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Dev Sci. 2007 May;10(3):322-32.

Preschool children learn about causal structure from conditional interventions.

Author information

1
Department of Brain and Cognitive Sciences, Massachusetts Institute of Technology, Cambridge, MA 02139, USA. lschulz@mit.edu

Abstract

The conditional intervention principle is a formal principle that relates patterns of interventions and outcomes to causal structure. It is a central assumption of experimental design and the causal Bayes net formalism. Two studies suggest that preschoolers can use the conditional intervention principle to distinguish causal chains, common cause and interactive causal structures even in the absence of differential spatiotemporal cues and specific mechanism knowledge. Children were also able to use knowledge of causal structure to predict the patterns of evidence that would result from interventions. A third study suggests that children's spontaneous play can generate evidence that would support such accurate causal learning.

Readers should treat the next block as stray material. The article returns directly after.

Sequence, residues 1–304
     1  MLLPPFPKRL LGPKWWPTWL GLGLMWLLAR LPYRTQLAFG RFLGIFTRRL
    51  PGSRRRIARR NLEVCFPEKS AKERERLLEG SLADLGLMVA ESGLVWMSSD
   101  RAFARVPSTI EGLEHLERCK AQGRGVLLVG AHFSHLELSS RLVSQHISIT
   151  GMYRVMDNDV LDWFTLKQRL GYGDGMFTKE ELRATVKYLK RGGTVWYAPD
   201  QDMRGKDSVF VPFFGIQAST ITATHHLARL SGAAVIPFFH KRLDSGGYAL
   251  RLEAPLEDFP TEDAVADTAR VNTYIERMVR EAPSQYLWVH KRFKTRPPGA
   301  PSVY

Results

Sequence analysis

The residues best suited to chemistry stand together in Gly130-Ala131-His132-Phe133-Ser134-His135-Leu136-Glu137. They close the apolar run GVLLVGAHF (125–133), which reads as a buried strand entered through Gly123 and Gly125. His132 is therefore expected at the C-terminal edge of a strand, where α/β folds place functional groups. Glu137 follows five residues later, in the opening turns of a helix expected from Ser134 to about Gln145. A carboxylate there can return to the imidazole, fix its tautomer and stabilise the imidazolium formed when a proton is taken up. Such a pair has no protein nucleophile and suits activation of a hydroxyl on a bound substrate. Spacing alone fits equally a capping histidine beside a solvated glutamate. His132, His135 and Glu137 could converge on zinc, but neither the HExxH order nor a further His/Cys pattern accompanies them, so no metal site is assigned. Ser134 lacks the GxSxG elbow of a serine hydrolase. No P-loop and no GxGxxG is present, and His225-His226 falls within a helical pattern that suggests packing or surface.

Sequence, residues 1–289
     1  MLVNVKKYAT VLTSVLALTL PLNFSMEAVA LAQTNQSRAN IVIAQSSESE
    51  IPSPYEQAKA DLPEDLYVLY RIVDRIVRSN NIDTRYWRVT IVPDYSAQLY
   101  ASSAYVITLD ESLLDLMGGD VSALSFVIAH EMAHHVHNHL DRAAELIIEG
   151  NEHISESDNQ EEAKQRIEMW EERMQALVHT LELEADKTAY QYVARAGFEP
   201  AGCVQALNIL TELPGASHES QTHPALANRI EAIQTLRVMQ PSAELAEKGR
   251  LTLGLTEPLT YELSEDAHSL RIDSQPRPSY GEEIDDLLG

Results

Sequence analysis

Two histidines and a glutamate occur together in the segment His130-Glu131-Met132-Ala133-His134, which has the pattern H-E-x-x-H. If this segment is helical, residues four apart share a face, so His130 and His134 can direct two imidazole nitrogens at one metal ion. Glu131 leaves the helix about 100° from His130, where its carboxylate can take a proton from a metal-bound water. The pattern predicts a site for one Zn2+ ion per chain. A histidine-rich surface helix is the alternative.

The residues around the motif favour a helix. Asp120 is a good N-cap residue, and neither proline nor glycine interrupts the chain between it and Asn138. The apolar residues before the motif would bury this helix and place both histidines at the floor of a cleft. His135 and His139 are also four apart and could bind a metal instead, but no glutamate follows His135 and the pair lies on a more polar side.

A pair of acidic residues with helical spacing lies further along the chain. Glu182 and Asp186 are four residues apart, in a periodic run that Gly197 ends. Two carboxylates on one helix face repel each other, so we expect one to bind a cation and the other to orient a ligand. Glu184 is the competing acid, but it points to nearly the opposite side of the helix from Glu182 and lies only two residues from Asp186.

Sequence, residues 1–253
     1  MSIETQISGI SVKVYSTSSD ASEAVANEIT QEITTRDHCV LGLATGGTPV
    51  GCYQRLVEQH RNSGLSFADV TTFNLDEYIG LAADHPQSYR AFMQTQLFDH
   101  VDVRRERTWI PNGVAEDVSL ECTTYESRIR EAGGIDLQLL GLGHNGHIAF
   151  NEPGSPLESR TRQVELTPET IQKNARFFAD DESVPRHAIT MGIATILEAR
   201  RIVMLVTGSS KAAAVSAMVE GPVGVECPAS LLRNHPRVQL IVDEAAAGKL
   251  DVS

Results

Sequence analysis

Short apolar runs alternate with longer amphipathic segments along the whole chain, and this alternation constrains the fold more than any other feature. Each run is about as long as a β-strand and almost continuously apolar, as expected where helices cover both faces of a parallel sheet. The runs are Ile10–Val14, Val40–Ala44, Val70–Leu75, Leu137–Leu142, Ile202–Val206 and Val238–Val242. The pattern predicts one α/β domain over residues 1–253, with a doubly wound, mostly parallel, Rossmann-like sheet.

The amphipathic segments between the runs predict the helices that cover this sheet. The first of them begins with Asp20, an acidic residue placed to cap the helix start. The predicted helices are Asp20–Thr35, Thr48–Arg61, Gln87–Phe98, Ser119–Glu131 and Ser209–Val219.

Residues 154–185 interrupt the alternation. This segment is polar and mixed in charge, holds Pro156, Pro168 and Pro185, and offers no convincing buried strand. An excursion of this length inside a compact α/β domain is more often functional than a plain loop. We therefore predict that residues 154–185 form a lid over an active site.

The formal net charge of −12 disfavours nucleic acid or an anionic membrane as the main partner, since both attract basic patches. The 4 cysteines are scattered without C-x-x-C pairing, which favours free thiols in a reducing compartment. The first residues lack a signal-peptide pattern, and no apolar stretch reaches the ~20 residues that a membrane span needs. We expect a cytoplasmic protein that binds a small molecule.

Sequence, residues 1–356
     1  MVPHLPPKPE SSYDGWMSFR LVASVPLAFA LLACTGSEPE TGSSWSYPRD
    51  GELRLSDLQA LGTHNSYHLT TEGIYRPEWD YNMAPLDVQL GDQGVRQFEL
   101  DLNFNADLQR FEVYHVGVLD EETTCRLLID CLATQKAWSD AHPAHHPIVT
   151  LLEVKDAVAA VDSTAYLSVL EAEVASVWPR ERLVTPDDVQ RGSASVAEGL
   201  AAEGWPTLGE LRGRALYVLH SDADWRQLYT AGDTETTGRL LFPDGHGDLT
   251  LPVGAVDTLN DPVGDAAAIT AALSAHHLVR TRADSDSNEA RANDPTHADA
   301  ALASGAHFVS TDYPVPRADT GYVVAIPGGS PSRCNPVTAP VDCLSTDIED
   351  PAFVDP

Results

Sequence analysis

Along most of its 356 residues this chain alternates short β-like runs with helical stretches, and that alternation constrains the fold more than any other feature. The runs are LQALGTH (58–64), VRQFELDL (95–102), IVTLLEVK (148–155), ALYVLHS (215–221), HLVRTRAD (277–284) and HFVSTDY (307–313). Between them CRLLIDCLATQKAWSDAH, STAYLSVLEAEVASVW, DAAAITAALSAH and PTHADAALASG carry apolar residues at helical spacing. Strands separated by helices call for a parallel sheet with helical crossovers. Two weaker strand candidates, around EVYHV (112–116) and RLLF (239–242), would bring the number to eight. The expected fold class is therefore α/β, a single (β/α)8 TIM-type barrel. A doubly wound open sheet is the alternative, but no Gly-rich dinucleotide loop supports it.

[Indexed for MEDLINE]

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